Dr. Geek: The Popularity of The Fail

As a society, as a civilization, even as a species, we like to celebrate success.  With the Summer Olympics under way in Ye Olde London Towne, we have one of the great examples of how much we humans celebrate success.  We give people medals, trophies, money, cereal endorsements, all for outrunning, outgunning, outswimming, outsynchronizing their rivals.  We are surrounded by successful ideals in our sports heroes, our political heroes, our war heroes, our super heroes — they are people to be admired and to serve as role models for the rest of us.  Hell, some of our super heroes are also hugely successful in other areas of life, such as the billionaires Bruce Wayne and Tony Stark.  We all strive for success in what we do; we’ve even been taught that we shouldn’t do something unless we hope to succeed at it, even if it takes years.

And yet, there are people who are contradictions: they appear to be trying to succeed by failing, or they appear to worship failures.  Which prompts the question: is failing a new way of succeeding?

The culture of the “fail” is widespread across the Web.  There are whole groups devoted to producing and sharing images, or memes, of “fails”: of things not working the way they were supposed to.  The people who brought us the lolcat meme have a whole blog devoted to aggregating such fails.  The fail is increasingly going mainstream, moving from instances like “the Fail Whale” from Twitter to appropriation by a Nobel Prize winning economist.  For this article, I am focusing on the fail compilation videos of videosharing sites like YouTube.  I, like so many others, cannot help but laugh or cringe or stare at these moments of utter failure, often accompanied by pain, that people have shared with the world.  But in watching these, I cannot help but wonder why.  Why do I respond to them as I do?  Why do people do these things?  Why is “fail” become such a popular Internet meme?

All of my answers are musings, drawing on research into other media activities and content.  By no means am I offering anything definitive — I do not plan to succeed in defining the love of the fail in this article.  And, yes, there will be embeds of  fail compilations from YouTube for your enjoyment.  So let’s begin there, with one of the most recent compilations:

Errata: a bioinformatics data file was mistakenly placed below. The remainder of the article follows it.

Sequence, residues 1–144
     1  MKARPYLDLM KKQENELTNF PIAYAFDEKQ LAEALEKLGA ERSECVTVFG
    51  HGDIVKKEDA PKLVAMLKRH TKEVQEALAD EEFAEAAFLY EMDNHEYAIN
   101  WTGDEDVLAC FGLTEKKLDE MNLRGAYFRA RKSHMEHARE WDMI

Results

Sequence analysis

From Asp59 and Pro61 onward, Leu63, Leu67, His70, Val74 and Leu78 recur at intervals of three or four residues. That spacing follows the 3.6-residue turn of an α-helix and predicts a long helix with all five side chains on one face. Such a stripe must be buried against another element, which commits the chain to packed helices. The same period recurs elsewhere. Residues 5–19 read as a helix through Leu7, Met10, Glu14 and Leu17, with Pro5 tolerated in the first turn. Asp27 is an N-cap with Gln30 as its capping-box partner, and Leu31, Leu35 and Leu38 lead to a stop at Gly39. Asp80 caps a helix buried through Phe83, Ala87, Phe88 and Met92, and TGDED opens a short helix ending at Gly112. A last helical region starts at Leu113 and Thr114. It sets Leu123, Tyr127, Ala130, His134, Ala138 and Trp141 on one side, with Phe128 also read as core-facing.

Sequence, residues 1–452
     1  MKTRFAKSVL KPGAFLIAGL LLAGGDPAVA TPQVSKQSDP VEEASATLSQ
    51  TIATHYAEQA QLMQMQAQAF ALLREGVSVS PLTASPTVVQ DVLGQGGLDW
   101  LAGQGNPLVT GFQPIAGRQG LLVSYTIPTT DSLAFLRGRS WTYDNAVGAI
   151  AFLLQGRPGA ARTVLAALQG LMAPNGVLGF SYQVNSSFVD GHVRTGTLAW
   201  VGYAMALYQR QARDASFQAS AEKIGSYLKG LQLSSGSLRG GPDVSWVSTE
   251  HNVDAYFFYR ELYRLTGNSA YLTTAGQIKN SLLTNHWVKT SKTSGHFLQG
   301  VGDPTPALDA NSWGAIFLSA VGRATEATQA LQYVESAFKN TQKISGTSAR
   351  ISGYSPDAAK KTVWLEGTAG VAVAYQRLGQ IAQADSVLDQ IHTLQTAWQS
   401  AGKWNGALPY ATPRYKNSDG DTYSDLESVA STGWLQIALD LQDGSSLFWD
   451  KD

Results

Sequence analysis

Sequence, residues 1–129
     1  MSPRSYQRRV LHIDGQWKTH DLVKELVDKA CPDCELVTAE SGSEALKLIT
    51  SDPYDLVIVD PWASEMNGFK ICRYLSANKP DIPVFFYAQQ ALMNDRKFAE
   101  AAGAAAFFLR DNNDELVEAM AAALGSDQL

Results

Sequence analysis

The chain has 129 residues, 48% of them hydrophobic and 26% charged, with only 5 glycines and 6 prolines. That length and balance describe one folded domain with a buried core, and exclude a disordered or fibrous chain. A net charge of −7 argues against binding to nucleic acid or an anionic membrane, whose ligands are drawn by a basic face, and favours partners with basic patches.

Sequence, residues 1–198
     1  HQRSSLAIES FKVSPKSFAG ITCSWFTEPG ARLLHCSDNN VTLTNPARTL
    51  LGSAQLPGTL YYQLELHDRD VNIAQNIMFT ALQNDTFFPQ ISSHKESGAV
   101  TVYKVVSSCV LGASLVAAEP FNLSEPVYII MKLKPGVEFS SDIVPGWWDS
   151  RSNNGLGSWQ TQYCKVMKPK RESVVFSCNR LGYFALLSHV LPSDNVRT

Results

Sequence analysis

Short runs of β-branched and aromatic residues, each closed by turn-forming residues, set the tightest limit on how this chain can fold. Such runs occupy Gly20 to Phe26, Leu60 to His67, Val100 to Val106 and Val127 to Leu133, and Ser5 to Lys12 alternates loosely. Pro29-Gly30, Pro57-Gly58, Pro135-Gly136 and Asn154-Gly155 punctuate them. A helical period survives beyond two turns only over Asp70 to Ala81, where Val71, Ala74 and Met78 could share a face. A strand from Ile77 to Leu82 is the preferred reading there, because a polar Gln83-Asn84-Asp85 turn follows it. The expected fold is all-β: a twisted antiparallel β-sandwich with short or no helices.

Fail videos on YouTube appear to be one of two types: accidents that occurred during everyday life versus accidents that occurred during staged events, where it was hoped the end result of some attempted feat would either be very cool or very painful.  Now, of course, both types involve there being an accident in both types: only in the staged videos, the accident would never have happened without the people trying to do something, usually, stupid in the first place.  There appears to be a preponderance of the latter videos involving stunts by white suburban males who probably have a lot of time on their hands — I’ll talk more about them later.  And lest you think this is only an American phenomenon, videos do exist from around the world, such as those from the “Meanwhile in Russia” meme.

 

It’s hard not to see a “triple-dog-dare-you” aspect of adolescent male culture in these staged videos, with people yelling “do it!” to the person about to attempt the feat.  The staged videos are all about stupidity, misfortune, and what results when you combine the two, especially in the latter type.  For the true accident videos, there may be stupidity involved — parking in the wrong place, not watching where you’re going, texting while biking — but it is the misfortune that is definitely clear, and is why these videos tend to elicit more sympathy and empathy than the staged videos.